Ex-Offenders Voting Rights Act of 2005
On February 8th, Representative Charles Rangel introduced the Ex-Offenders Voting Rights Act of 2005. This act requires that all states allow former felons to vote so long as they have completed their incarceration, parole, and probation. Currently, eight states require an order or pardon from the governor in order to regain voting rights after the full completion of a sentence. According to estimates based on current incarceration rates, 3 in 10 African American males in the next generation will be disenfranchised at some point in their lifetime. Passing this bill will be a useful step towards ensuring equal voting rights for all Americans.
Read H.R. 663

There are currently 10 cosponsors. To support this piece of legislation please contact your Congressperson.  
Recent Articles
October 19th 2009
Mandatory Voting? Automatic Registration? How Un-American!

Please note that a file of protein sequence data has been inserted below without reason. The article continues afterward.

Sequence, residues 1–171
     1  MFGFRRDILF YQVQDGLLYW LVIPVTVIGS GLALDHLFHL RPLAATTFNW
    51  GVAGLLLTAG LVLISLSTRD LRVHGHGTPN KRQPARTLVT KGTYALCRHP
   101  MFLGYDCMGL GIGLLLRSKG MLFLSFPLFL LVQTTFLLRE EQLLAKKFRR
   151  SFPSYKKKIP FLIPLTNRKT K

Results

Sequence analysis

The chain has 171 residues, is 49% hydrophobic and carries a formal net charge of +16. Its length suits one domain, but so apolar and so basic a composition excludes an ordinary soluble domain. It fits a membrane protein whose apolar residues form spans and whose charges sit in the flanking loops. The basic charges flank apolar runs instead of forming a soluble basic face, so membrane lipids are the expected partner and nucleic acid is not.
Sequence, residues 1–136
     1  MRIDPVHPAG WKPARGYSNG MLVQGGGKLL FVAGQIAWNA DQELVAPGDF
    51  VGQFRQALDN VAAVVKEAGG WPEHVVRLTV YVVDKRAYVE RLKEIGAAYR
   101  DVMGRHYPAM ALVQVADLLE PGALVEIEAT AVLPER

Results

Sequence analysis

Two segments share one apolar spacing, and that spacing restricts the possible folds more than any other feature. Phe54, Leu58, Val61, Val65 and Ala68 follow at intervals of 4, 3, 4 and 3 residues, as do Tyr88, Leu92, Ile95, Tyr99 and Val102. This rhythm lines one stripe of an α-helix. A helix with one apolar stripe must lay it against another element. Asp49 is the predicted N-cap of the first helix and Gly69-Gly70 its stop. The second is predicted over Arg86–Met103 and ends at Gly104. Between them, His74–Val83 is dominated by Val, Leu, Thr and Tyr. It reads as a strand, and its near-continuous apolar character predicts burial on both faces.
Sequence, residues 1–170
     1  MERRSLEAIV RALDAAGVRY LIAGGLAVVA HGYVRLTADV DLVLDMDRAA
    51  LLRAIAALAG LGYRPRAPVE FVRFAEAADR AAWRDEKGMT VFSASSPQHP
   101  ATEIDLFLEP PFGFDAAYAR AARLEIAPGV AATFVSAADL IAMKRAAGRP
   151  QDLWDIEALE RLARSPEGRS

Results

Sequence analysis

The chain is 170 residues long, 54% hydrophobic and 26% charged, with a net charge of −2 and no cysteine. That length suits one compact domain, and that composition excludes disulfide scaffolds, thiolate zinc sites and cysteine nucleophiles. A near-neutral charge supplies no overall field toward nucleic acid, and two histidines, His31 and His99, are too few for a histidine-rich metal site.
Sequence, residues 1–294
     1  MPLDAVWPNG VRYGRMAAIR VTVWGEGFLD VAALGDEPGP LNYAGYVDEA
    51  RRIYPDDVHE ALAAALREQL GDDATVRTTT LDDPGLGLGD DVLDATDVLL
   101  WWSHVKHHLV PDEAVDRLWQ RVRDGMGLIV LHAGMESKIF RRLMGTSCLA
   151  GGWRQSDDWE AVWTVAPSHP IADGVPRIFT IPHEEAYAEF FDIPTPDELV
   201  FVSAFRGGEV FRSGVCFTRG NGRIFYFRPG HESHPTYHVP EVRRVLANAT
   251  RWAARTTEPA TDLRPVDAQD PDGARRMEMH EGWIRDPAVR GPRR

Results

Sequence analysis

Huffington Post

President of Air America Media, Mark Green, explains why Instant Runoff Voting, Automatic Registration and Mandatory Voting are not only important but could lead to a more democratic society.

September 30th 2009
Can a 17-year-old register to vote? It depends
Ventura County Star

"Most Californians register to vote not because a political cause has touched their heart, but rather because they checked a box on a form at the Department of Motor Vehicles when they received or renewed their driver´┐Żs license."

September 27th 2009
Giving teens a civic voice
The Fayetteville Observer

In January, North Carolina will become the third state to implement FairVote-endorsed youth preregistration.

September 8th 2009
Give voters final say on vacancies

The two legislators proposing a constitutional amendment mandating elections to fill Senate vacancies make their case in the pages of Politico.